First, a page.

No OFF switch but a MUTE button

2019! Yay! It feels like a fresh start after a crazy year. Life is good and life is different!

My eldest two boys have finished high school. The eldest is about to leave for university after a gap year and the second is starting his gap year before heading to uni in a year’s time. Our third boy is in the middle years of his high school education.

Getting two boys through high school was full on and the intensity of the experience was increased as the second boy has type 1 diabetes.

So much is happening in those last couple of years of school. Growing up physically and emotionally, sport, part time work, relationships, social life and just occasionally the odd bit of study. Hard enough on its own but then you add an invisible chronic condition to the mix and we have lift off!

We have weathered a few storms, but found the strength and love to move on. These are not my stories to tell and our relationship is great so for that I am truly thankful.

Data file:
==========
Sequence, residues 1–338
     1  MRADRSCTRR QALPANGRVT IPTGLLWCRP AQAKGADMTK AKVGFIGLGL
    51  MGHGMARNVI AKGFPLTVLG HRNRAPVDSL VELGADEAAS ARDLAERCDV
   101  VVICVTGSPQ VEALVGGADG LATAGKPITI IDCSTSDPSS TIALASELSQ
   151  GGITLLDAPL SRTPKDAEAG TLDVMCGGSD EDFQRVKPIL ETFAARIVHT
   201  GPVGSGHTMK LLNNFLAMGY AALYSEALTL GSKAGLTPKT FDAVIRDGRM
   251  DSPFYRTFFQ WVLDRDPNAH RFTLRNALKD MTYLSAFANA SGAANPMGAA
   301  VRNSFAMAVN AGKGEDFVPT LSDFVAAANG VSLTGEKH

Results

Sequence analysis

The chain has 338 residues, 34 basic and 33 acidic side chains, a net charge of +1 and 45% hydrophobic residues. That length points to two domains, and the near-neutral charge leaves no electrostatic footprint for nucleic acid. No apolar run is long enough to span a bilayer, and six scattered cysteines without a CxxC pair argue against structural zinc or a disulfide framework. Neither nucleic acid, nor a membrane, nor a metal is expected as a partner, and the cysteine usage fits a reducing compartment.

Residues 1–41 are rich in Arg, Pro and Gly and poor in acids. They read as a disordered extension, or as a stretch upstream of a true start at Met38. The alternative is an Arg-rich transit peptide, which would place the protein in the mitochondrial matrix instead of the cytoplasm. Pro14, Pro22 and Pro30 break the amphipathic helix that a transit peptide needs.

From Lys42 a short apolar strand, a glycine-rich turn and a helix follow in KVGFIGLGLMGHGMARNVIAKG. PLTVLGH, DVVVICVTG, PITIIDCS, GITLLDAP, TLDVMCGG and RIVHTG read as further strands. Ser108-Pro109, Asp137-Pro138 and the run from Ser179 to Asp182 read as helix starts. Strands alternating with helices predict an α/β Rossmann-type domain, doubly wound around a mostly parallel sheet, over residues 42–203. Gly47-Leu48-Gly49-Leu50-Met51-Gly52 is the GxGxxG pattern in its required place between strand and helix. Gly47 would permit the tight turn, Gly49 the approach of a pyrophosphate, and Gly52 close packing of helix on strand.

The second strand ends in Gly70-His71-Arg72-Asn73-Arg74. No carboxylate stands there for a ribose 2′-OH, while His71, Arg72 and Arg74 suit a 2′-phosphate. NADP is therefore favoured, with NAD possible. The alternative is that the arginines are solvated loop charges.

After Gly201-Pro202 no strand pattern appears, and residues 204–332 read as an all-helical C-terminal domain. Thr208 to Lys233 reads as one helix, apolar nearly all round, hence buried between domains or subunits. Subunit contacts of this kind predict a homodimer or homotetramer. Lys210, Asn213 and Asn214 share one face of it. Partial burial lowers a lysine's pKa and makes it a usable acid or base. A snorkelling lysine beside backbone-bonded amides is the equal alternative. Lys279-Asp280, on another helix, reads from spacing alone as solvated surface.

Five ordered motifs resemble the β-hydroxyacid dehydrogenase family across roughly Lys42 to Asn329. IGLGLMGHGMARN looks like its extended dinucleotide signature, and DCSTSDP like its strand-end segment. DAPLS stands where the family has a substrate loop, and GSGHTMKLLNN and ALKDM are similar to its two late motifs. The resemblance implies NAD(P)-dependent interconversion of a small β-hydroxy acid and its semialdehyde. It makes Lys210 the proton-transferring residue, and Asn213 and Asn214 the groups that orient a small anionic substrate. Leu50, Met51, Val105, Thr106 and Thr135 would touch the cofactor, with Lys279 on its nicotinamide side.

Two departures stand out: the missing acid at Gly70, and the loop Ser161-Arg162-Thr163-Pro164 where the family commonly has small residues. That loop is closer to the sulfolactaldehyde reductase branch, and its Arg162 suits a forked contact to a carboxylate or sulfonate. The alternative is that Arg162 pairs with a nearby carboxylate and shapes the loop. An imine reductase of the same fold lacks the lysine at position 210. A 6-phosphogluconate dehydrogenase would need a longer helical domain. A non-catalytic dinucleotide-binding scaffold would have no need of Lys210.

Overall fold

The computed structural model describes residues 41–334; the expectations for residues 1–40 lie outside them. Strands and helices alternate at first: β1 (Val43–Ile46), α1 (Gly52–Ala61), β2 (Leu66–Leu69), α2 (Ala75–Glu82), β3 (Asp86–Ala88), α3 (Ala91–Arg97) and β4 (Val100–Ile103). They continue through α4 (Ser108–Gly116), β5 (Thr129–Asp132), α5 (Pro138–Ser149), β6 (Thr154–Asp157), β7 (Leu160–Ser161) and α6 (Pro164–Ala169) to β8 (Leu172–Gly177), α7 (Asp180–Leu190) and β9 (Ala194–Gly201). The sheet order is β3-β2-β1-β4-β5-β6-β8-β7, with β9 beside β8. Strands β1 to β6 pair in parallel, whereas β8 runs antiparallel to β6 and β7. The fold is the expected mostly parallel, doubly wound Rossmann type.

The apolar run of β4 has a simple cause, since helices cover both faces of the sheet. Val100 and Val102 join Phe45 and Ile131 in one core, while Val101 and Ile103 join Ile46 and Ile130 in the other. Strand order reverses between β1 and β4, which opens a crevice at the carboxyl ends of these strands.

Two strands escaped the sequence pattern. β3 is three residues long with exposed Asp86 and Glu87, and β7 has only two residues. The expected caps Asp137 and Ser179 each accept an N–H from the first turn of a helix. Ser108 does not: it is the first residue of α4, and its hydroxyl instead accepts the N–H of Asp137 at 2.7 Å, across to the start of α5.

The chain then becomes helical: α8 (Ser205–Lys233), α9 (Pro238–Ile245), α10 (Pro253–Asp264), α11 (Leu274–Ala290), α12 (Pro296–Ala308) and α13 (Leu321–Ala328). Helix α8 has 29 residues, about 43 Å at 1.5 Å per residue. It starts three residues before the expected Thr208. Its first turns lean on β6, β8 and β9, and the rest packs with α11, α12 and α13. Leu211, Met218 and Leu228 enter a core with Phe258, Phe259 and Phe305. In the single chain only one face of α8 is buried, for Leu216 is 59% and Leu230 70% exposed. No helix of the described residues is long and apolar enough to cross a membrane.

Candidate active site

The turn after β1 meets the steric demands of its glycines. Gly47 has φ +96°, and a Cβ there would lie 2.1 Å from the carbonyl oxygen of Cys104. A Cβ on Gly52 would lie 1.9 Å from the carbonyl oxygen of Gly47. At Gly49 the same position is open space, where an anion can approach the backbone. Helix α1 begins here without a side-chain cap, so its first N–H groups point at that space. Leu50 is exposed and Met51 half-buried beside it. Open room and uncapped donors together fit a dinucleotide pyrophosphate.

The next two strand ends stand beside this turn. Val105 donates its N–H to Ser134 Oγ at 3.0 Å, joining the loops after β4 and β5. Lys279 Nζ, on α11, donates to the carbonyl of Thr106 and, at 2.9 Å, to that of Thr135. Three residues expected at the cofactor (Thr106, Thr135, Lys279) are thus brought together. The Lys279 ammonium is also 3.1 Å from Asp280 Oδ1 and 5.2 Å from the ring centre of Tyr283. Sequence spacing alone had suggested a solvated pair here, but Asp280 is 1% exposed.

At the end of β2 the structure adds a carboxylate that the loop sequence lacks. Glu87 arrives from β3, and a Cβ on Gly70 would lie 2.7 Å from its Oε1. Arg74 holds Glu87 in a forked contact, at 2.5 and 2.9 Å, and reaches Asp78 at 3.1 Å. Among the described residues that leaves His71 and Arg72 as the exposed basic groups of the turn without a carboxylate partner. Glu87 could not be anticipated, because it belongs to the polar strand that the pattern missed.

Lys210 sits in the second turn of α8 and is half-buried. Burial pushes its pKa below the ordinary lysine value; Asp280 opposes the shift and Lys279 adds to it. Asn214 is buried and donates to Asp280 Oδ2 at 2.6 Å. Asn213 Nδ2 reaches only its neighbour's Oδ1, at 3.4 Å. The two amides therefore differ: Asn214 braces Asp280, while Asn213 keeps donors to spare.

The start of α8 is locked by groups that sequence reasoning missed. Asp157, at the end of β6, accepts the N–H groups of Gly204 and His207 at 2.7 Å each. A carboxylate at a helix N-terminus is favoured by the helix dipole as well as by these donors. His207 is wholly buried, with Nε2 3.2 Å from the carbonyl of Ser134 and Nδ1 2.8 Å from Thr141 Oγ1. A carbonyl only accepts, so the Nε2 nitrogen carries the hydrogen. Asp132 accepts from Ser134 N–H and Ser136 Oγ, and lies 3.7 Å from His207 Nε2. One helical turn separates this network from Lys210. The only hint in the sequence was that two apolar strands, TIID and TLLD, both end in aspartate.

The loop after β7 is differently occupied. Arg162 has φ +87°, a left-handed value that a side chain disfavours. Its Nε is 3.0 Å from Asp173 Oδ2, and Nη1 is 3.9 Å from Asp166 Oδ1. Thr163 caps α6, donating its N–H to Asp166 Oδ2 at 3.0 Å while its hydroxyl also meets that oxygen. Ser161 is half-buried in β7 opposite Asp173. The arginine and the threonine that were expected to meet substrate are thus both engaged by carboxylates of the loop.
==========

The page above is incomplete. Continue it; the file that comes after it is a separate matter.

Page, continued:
How has this been possible?

I remember when my son was first diagnosed with type 1 Diabetes, I made the conscious decision to deal with one life event at a time but lurking in the back of my head was a list of things that I wanted my boy to be able to do and he did do them all:

  • Leave the house without me – he did that the day after he came home from the hospital.
  • Go to school (read about that here)
  • Go on our usual off grid camping trips (read about that here)
  • Go on a school excursion
  • Go on a sleepover
  • Go on school camp
  • Learn to be a mean carb counter like his mammy (read about that here)
  • Be able to let his parents have a big night out (that sort of happened here)